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Eric Clapton On Jeff Beck's Singing and Having An Old Man's Voice

February 19, 2010 12:00 AM ET

In Rolling Stone's new issue, Jeff Beck and Eric Clapton sit down for the first time to discuss old rivalries, blues heroes and the secrets of their craft. Here's more from David Fricke's conversation with Clapton: the guitarist on Jeff Beck's vocals and learning to love his own "old man voice."

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How do you account for the fact that Jeff Beck isn't as big a rock star as you are?
He deliberately carved that image. I don't think he would deny that. He likes to be left alone. He wants to be underneath the car, working on the engines. He made that one record where he sang [the 1967 British hit "Hi Ho Silver Lining"], and rarely did it again. That's always a bone of contention. I had a chat with his manager Harvey [Goldsmith] after he signed Jeff. I said, "Are you going to get him to sing?" He said, "I'll try." Good luck! But if he isn't motivated [to do it], I think he's missing something. It's an enjoyable thing to do.

Most of the guitarists in that elite group that you mention [in the story] — Robert Cray, Buddy Guy, B.B. King — are singers. Jeff is not.
He sings when he plays. He has that melodic inventiveness that we were talking about yesterday [at Beck's house], that he puts into everything he plays. Derek [Trucks] is another one. I think Derek should sing. Because he has the same thing. He has a Voice.

 

A vocal mentality.
Exactly. But I would worry about the amount of sacrifice they would have to make in terms of their technique, in order to start focusing on being a vocalist.

Did you feel when you started singing regularly in the late Sixties that you had to dial back as a player?
Yeah. I don't think I did it consciously. But automatically, once you start applying your discipline to one part of your vocabulary, another part has to suffer to a certain extent.

Why does it have to suffer?
If you're just talking about the amount of practice that you take to sing. I'm talking from my experience. My concentration will become focused on whether I'm pitching properly, whether my diction is okay, if the evenness of breathing is getting to all of the [melody] line, that I'm not losing the last part of the line because I'm running out of breath. And then I've got a guitar solo: "Oh God, I have to do that as well."

Some kind of prioritizing has to go on. The thing with Derek and Jeff and guys like that is they have spent their entire lives, so far, focused on that one element that they created. They probably know, subconsciously, that they will lose a little bit of ground.

Did you like your voice when you started singing?
No. I do now. It's taken me to be an older guy, an old man, to have an old man's voice. Because I only liked old men's voices. As a kid, I didn't like pip-squeaked singers. It was always someone with authority. And for a singer to have authority, they have to have some kind of social standing. Otherwise, it's fake.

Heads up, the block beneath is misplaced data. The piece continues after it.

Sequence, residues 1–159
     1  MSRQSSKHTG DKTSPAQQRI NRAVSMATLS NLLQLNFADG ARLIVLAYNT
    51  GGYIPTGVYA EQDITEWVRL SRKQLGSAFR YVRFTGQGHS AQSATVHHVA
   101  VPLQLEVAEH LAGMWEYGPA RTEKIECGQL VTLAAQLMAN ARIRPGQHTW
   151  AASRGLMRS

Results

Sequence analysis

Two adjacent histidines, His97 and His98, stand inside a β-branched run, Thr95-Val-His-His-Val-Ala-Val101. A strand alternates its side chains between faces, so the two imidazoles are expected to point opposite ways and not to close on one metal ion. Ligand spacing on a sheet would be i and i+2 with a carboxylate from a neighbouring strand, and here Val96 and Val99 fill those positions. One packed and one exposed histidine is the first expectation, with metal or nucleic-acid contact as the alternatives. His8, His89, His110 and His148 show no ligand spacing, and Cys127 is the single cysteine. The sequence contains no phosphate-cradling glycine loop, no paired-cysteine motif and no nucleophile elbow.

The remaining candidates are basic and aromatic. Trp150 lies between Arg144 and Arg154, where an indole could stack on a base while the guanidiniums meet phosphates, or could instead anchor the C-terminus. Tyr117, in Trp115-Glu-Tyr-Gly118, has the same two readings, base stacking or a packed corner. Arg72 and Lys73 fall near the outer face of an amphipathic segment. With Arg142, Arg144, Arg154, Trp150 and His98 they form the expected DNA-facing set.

So when you sang "After Midnight" and "Let It Rain" on your first solo album, you didn't feel you were convincing in those roles.
No. I also suffered from a delusion that a lot of people share, from what I can see. Which is, if you sing at the top of your range, it's more expressive. So I figured out how high I could sing. Then I sang in that key. It's a cop-out, because it's easier to pitch — you just stretch. To sing in a lower key is harder work. You have to use your diaphragm more. All of these things come into play. And it's like, "God, I don't want to be bothered." But that's when it becomes authority. I didn't learn all of that — it's just maturity.

Related Stories:
Jeff Beck, Eric Clapton and the Way of the Guitar: The New Issue of Rolling Stone
Eric Clapton Announces 2010 Crossroads Guitar Festival: Jeff Beck, B.B. King, John Mayer, MoreCrossroads 2007 in Photos

To read the new issue of Rolling Stone online, plus the entire RS archive: Click Here

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Song Stories

“Nightshift”

The Commodores | 1984

The year after soul legends Marvin Gaye and Jackie Wilson died, songwriter Dennis Lambert asked members of the Commodores to give him a tape of ideas. "And the one from Walter Orange has this wonderful bass line," said co-writer Franne Golde. "Plus the lyric, 'Marvin, he was a friend of mine' ... Within 10 minutes, we had decided it should be something like a modern R&B version of 'Rock 'n' Roll Heaven,' and I just said, 'Nightshift.'" This tribute to the recently deceased musicians was the band's only hit without Lionel Richie, who had left for a solo career.

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